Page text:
- Space Ace (Uchuu Ace) (1965–1966)
- Mach Go Go Go (Speed Racer) (original) (1967–1968)
- Oraa Guzura Dado (original) (1967)
- Dokachin the Primitive Boy (or simply, "Dokachin") (1968–1969)
- Judo Boy (Kurenai Sanshiro) (1969)
- The Genie Family (Hakushon Daimaō) (1969–1970)
- The Adventures of Hutch the Honeybee (Mitsubachi Monogatari Minashigo Hacchiand La Abeja Hutch) (1970–1971)
- The Funny Judo Champion (Inakappe Taisho) (1970–1972)
- Hyppo and Thomas (Kabatotto) (1971–1972)
- Animentari Ketsudan (1971–1972)
- Mokku of the Oak Tree (Saban's Adventures of Pinocchio) (1972–1973)
- Science Ninja Team Gatchaman (Kagaku Ninja-Tai Gatchaman) (also Battle of the Planets, G-Force: Guardians of Space, Eagle Riders) (1972–1974)
- Tamagon the Counselor (Kaiketsu Tamagon) (1972–1973)
- Demetan Croaker, The Boy Frog (Kerokko Demetan, U.S.: The Brave Frog) (1973)
- Casshan (Shinzo Ningen Casshan) (1973–1974)
- Adventure of Korobokkuru, 1973 (co-produced by Topcraft)
- New Honeybee Hutch (Shin Minashigo Hutch) (1974)
- Hurricane Polymar (1974–1975)
- The Song of Tentomushi [Ladybug] (Tentomushi no Uta) (1974–1976)
- Tekkaman: The Space Knight (Uchū no Kishi Tekkaman) (1975)
- Time Bokan (1975–1976) (co-produced by Topcraft)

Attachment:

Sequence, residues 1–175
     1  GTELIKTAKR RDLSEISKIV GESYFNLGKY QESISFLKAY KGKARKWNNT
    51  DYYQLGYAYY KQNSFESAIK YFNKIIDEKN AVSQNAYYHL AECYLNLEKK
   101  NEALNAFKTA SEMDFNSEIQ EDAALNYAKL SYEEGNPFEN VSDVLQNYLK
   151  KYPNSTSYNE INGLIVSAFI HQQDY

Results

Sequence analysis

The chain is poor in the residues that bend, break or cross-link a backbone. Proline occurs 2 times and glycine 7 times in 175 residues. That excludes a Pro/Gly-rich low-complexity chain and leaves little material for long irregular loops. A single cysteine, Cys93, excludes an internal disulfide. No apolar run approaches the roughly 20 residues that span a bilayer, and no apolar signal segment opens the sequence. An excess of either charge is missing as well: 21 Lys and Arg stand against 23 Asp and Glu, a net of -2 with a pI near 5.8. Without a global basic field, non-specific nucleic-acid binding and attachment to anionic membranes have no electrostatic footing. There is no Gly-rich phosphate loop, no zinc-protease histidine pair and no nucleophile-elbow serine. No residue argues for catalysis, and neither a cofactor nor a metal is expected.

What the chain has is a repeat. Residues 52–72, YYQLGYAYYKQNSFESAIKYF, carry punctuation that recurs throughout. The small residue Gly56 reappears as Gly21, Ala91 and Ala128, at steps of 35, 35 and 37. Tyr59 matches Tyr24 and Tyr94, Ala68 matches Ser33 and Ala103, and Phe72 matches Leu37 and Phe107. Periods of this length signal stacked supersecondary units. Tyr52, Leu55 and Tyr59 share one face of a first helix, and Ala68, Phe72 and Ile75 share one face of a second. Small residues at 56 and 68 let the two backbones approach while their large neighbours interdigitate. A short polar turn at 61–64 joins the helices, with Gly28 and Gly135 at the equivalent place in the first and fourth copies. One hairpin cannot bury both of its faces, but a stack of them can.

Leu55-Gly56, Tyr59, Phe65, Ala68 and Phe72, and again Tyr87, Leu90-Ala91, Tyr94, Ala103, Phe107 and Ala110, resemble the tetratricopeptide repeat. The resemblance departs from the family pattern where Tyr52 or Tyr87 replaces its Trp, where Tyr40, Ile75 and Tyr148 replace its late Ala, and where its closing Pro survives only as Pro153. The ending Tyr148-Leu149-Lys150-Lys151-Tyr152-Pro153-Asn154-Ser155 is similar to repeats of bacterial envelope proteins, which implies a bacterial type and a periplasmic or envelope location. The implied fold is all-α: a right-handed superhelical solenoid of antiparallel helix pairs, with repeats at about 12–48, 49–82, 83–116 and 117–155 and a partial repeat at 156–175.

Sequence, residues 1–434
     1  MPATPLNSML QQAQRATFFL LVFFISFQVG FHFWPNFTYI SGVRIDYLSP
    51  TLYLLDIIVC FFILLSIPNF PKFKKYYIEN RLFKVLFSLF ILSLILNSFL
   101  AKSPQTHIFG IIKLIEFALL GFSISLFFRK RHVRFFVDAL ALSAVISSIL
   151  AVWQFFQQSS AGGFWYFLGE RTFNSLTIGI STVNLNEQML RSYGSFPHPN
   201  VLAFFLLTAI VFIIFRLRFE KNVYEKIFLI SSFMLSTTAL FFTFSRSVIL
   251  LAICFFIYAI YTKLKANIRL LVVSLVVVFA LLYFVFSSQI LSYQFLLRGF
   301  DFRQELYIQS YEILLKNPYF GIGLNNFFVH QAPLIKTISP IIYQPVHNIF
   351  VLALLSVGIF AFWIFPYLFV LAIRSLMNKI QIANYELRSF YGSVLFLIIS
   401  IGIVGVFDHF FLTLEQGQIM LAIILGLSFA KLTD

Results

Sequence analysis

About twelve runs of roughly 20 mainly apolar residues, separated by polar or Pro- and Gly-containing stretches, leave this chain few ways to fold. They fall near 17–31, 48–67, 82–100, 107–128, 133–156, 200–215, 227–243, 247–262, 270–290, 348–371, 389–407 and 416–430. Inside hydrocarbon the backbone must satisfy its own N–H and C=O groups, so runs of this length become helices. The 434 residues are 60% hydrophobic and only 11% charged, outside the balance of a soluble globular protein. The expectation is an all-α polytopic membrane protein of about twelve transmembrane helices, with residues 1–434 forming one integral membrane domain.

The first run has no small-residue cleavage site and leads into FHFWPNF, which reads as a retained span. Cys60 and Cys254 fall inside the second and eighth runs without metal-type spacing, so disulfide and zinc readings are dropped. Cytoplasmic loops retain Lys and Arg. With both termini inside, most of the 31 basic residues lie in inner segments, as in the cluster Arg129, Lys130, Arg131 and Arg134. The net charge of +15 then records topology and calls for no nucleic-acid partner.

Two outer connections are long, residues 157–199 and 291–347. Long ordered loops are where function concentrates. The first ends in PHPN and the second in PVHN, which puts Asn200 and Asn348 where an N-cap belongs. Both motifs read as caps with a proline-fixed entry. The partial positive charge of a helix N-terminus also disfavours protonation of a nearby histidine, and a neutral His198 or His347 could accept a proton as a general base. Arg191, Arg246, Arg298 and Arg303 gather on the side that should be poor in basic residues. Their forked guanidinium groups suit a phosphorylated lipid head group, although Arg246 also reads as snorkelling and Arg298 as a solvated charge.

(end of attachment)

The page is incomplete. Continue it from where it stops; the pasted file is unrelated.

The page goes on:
- Goliath the Super Fighter (Gowappā 5 Godam or Gowapper 5 Godam) (1976)
- Paul's Miraculous Adventure (Paul no Miracle Daisakusen) (1976–1977)
- The Time Bokan Series: Yatterman (Time Bokan Series Yattâman) (1977–1979)
- Ippatsu Kanta-kun ("Home Run" Kanta-kun) (1977–1978)
- Temple the Balloonist (Fūsen Shōjo Tenpuru-chan) (also Temple the Balloonist, Sabrina's Journey) (1977–1978)
- Tobidase! Machine Hiryuu (1977, with Toei Doga)
- Gatchaman II (Kagaku Ninja-Tai Gatchaman Tsū) (also Eagle Riders) (1978–1979)
- Once Upon a Time... Man (1978, co-produced with Procidis and various broadcasters)
- The Time Bokan Series: Zenderman (or Zendaman) (1979–1980)
- Gatchaman Fighter (Kagaku Ninja-Tai Gatchaman Faitā) also Eagle Riders (1979–1980)
- Gordian Warrior (Tōshi Gordian) (1979–1981)
- Daddy-Long-Legs (Ashinaga Ojisan) (1979, TV Special)
- The Littl' Bits (Mori no Yoki na Kobitotachi: Berufi to Rirubitto) (1980)
- The Time Bokan Series: Time Patrol Tai Otasukeman (Rescueman) (1980–1981)
- Muteking, The Dashing Warrior (Tondemo Senshi Mutekingu) (1980–1981)